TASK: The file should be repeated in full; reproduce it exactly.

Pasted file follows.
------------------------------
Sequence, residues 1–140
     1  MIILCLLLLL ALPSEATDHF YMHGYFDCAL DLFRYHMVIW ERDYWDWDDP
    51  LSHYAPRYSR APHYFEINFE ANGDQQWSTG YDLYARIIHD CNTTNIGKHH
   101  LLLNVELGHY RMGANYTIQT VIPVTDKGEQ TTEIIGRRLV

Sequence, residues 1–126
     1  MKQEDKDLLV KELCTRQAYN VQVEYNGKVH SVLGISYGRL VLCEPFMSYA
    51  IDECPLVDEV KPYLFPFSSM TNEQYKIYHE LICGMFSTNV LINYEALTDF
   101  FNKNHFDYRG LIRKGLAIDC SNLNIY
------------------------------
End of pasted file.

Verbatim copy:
Sequence, residues 1–140
     1  MIILCLLLLL ALPSEATDHF YMHGYFDCAL DLFRYHMVIW ERDYWDWDDP
    51  LSHYAPRYSR APHYFEINFE ANGDQQWSTG YDLYARIIHD CNTTNIGKHH
   101  LLLNVELGHY RMGANYTIQT VIPVTDKGEQ TTEIIGRRLV

Sequence, residues 1–126
     1  MKQEDKDLLV KELCTRQAYN VQVEYNGKVH SVLGISYGRL VLCEPFMSYA
    51  IDECPLVDEV KPYLFPFSSM TNEQYKIYHE LICGMFSTNV LINYEALTDF
   101  FNKNHFDYRG LIRKGLAIDC SNLNIY